• Ziechner U, Schönherr R, Born AK, et al. (2006). "Inhibition of human ether à go-go potassium channels by Ca2+/calmodulin binding to the cytosolic N- and C-termini.". FEBS J. 273 (5): 1074–86. doi:10.1111/j.1742-4658.2006.05134.x. PMID 16478480.  
  • Weber C, Mello de Queiroz F, Downie BR, et al. (2006). "Silencing the activity and proliferative properties of the human EagI Potassium Channel by RNA Interference.". J. Biol. Chem. 281 (19): 13030–7. doi:10.1074/jbc.M600883200. PMID 16537547.  
  • Mello de Queiroz F, Suarez-Kurtz G, Stühmer W, Pardo LA (2006). "Ether à go-go potassium channel expression in soft tissue sarcoma patients.". Mol. Cancer 5: 42. doi:10.1186/1476-4598-5-42. PMID 17022811.  
  • Ocorr K, Reeves NL, Wessells RJ, et al. (2007). "KCNQ potassium channel mutations cause cardiac arrhythmias in Drosophila that mimic the effects of aging.". Proc. Natl. Acad. Sci. U.S.A. 104 (10): 3943–8. doi:10.1073/pnas.0609278104. PMID 17360457.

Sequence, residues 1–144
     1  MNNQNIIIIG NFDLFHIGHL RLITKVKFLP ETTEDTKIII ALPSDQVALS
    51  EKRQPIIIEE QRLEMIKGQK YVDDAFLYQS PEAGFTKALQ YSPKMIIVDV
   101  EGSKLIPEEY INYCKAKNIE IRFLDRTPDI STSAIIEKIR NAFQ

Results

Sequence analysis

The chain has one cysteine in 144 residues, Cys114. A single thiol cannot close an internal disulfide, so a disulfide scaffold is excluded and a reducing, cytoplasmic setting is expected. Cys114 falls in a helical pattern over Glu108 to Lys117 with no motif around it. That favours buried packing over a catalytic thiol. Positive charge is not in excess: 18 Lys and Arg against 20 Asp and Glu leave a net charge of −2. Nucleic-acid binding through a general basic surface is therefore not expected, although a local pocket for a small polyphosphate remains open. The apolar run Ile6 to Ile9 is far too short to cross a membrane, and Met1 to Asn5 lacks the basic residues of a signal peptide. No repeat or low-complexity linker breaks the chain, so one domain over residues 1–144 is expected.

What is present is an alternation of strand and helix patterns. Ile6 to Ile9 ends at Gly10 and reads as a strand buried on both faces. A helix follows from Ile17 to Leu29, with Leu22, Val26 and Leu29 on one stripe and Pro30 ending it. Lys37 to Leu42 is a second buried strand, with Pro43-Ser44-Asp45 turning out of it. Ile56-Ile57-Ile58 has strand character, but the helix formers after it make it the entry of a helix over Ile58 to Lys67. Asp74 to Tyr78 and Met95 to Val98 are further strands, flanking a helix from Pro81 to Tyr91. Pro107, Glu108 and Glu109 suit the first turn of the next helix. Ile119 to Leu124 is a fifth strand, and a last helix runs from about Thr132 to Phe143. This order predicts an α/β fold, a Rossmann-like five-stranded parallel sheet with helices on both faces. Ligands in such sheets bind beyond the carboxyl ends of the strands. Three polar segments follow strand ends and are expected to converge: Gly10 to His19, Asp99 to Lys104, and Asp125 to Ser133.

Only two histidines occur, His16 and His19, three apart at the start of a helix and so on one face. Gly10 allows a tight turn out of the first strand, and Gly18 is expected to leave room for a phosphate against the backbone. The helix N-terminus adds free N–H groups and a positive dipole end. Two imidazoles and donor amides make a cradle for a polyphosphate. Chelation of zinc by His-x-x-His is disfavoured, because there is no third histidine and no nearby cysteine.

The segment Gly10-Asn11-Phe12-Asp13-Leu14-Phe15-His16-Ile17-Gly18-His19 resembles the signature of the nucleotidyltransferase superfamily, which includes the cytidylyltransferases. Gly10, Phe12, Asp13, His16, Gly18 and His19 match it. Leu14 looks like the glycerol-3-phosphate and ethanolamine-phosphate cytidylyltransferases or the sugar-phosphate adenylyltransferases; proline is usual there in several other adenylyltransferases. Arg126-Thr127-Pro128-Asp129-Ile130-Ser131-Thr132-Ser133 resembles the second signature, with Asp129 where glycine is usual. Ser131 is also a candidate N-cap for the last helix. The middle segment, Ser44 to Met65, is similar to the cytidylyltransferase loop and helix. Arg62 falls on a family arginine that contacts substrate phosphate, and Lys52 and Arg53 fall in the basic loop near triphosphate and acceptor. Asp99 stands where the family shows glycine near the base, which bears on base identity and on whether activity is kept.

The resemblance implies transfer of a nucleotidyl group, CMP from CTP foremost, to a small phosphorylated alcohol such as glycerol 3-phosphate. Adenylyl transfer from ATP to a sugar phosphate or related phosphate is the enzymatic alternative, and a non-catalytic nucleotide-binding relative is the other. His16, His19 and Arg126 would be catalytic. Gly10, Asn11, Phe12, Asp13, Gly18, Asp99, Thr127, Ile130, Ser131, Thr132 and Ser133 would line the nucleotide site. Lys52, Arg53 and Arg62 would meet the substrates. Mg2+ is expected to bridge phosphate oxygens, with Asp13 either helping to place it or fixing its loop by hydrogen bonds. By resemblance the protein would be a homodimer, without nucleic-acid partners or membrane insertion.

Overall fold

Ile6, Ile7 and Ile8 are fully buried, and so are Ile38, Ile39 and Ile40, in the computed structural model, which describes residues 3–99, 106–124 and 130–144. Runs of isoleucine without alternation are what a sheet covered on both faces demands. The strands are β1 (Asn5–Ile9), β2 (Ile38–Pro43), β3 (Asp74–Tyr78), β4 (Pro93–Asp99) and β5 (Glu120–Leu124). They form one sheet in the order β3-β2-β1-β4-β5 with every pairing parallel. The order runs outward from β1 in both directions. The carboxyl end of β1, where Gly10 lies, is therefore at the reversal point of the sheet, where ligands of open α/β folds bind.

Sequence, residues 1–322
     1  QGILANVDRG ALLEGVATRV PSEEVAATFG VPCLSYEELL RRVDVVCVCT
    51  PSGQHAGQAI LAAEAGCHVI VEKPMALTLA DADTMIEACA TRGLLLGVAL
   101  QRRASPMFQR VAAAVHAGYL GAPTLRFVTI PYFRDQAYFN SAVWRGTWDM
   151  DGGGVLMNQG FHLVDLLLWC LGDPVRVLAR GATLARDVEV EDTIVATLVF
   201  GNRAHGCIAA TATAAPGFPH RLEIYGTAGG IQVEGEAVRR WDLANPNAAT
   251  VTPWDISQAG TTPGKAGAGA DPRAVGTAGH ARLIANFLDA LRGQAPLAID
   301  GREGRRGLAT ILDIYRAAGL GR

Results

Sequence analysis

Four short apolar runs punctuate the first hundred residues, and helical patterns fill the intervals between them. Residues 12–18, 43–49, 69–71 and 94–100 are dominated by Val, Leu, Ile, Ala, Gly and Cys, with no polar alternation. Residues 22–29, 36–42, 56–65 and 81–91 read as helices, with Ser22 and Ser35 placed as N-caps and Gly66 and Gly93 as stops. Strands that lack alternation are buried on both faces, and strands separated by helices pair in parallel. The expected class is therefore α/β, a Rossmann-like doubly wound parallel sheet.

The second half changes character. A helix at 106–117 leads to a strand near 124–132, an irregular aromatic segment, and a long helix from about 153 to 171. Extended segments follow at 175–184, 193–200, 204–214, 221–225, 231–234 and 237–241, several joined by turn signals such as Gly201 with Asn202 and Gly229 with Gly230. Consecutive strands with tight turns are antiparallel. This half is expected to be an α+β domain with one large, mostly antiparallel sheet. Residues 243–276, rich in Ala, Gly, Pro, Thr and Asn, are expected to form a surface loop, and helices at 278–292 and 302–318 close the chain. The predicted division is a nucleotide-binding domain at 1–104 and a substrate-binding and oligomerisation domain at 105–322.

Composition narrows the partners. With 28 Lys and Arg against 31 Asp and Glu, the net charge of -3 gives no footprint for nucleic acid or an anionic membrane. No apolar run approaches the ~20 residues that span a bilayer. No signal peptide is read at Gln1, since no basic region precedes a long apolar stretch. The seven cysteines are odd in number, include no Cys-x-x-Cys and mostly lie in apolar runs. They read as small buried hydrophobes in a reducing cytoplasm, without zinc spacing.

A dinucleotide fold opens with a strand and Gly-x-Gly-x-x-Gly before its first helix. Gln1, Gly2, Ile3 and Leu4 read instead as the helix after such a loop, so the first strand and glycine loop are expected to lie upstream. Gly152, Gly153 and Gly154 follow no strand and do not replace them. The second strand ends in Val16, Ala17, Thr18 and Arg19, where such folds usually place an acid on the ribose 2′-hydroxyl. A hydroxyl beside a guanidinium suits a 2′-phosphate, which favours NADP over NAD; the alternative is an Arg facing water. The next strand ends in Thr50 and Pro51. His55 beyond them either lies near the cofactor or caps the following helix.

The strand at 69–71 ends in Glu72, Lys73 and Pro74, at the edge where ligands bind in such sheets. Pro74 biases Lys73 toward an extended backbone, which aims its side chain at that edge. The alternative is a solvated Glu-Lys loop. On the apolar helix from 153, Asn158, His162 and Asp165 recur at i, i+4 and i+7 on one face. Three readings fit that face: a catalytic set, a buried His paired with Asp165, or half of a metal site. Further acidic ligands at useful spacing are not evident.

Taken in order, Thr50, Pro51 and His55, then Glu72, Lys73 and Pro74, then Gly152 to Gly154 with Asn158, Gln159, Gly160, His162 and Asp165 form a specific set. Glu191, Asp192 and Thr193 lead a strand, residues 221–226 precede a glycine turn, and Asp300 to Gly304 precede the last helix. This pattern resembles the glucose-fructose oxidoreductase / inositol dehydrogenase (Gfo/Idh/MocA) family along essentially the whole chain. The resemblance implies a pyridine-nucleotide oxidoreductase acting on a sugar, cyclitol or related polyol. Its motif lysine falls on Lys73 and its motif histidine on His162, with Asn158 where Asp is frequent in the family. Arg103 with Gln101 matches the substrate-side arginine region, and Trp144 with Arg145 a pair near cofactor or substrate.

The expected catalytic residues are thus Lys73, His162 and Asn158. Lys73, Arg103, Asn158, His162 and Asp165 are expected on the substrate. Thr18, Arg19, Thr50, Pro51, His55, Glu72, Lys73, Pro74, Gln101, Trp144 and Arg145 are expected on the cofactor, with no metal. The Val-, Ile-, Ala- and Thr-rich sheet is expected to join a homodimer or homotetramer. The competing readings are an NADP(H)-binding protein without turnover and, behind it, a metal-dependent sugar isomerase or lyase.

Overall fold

• Ding XW, Yan JJ, An P, et al. (2007). "Aberrant expression of ether à go-go potassium channel in colorectal cancer patients and cell lines.". World J. Gastroenterol. 13 (8): 1257–61. PMID 17451210.  
  • Borowiec AS, Hague F, Harir N, et al. (2007). "IGF-1 activates hEAG K(+) channels through an Akt-dependent signaling pathway in breast cancer cells: role in cell proliferation.". J. Cell. Physiol. 212 (3): 690–701. doi:10.1002/jcp.21065. PMID 17520698.  

External links

This article incorporates text from the United States National Library of Medicine, which is in the public domain.